Women on the Inside consists of three half-hour films, each overseen by a different director. Donna Deitch (Desert Hearts) offers Esperanza, about a young boy (Edwin Maldonado) who starts dealing drugs once his mother (Total Recall's Rachel Ticotin) is sent to prison. In Parole Board, director Joan Micklin Silver (Crossing Delancey) presents a portrait of a woman (Blaze's Lolita Davidovich) who, years before, killed her husband for beating her repeatedly; now up for parole, the woman isn't at all sure she wants to leave the camaraderie of her friends in prison to live with her hostile, drug-taking daughter (Elizabeth Moss as the child, Virginia Keehne as the teenager). Both of these films are well acted but predictable and mawkish. The last one is the best: Penelope Spheeris (The Decline of Western Civilization) has directed New Chicks, about two prisoners played by Rae Dawn Chong (Choose Me) and Annabella Sciorra (Reversal of Fortune). When Chong becomes pregnant, Sciorra tries to help her get the baby enrolled in the prison nursery, for which there's a long waiting list. New Chicks does a good job of conveying the hierarchies of status among prisoners.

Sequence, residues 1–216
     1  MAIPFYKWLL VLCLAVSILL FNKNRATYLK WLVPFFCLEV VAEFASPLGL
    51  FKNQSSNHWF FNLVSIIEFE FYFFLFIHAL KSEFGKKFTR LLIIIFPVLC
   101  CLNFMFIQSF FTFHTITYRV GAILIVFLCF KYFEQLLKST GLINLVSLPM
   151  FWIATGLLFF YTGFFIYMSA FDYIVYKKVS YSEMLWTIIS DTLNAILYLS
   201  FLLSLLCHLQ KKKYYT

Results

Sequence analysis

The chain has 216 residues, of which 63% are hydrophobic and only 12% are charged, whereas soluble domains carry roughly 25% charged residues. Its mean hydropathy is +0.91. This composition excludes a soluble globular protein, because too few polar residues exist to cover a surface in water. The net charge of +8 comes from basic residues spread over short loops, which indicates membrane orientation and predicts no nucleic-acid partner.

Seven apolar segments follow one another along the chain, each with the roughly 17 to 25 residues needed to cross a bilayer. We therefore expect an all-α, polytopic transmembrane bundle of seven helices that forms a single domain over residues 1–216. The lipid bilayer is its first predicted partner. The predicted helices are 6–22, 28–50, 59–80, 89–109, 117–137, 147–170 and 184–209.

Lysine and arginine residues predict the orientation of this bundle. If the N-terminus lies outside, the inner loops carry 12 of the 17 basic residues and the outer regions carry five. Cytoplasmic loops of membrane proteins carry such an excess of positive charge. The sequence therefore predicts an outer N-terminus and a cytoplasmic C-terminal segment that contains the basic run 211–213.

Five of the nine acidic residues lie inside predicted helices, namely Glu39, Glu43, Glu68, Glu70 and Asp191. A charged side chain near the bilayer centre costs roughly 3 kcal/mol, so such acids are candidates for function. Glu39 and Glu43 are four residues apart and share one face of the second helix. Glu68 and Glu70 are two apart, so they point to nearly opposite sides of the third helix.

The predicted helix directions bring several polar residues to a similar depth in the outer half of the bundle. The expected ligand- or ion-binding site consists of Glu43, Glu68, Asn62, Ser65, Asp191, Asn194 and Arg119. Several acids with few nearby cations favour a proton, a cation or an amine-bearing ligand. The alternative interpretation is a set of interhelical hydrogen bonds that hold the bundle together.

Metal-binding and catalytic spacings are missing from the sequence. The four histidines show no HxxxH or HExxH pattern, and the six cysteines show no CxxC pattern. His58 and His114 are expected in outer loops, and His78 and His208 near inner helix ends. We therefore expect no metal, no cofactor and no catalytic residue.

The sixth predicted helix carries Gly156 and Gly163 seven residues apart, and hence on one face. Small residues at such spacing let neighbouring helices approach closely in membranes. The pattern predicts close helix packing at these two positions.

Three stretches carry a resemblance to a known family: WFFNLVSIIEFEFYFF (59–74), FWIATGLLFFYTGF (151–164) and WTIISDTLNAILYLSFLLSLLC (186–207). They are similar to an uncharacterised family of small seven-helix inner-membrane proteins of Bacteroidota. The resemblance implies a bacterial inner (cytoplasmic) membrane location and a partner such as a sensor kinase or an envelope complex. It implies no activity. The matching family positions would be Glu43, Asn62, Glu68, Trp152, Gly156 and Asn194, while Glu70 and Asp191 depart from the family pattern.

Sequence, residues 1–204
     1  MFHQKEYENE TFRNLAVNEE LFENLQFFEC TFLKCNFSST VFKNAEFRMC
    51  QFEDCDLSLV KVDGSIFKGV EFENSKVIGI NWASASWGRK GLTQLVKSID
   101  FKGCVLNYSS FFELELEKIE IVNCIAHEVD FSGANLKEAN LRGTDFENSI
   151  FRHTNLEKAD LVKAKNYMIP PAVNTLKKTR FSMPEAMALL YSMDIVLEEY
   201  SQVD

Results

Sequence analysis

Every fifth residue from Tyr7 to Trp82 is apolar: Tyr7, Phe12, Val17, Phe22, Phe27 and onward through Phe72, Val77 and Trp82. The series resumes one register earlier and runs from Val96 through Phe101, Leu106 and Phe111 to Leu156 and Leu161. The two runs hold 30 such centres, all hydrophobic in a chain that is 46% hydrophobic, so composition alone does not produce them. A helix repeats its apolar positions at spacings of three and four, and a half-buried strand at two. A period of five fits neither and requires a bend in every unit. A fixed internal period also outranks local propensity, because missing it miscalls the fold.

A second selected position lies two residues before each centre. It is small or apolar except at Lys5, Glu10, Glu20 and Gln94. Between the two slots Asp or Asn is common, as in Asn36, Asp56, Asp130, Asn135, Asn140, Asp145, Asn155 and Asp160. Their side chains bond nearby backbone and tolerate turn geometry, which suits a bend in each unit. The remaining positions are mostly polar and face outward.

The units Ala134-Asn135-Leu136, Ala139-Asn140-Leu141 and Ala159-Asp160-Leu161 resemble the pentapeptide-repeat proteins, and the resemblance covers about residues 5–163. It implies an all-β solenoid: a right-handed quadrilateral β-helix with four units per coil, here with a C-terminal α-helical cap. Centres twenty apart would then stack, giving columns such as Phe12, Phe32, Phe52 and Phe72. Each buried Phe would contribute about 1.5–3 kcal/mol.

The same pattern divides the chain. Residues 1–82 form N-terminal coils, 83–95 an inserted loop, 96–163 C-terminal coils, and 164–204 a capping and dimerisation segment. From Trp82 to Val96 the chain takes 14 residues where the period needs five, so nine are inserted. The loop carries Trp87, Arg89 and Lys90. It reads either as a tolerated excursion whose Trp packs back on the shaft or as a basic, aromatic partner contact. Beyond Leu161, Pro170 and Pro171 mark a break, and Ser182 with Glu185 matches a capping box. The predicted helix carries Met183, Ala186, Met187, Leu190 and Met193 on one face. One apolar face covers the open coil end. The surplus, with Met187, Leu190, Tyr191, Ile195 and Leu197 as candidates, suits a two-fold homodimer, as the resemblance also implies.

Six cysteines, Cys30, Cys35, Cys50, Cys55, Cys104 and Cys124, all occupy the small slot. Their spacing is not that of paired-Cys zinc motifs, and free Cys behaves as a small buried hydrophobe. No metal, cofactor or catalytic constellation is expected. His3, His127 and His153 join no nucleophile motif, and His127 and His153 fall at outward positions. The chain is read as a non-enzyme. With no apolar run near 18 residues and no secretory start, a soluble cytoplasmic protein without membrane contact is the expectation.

In general, though, more care should have been taken when planning this anthology why is it that all three stories are about women agonizing over their children? Narrowing the subject matter this way is an unnecessary limitation that only serves to stereotype imprisoned women's lives. Surely there are interesting stories to be told about women inmates who don't have kids. C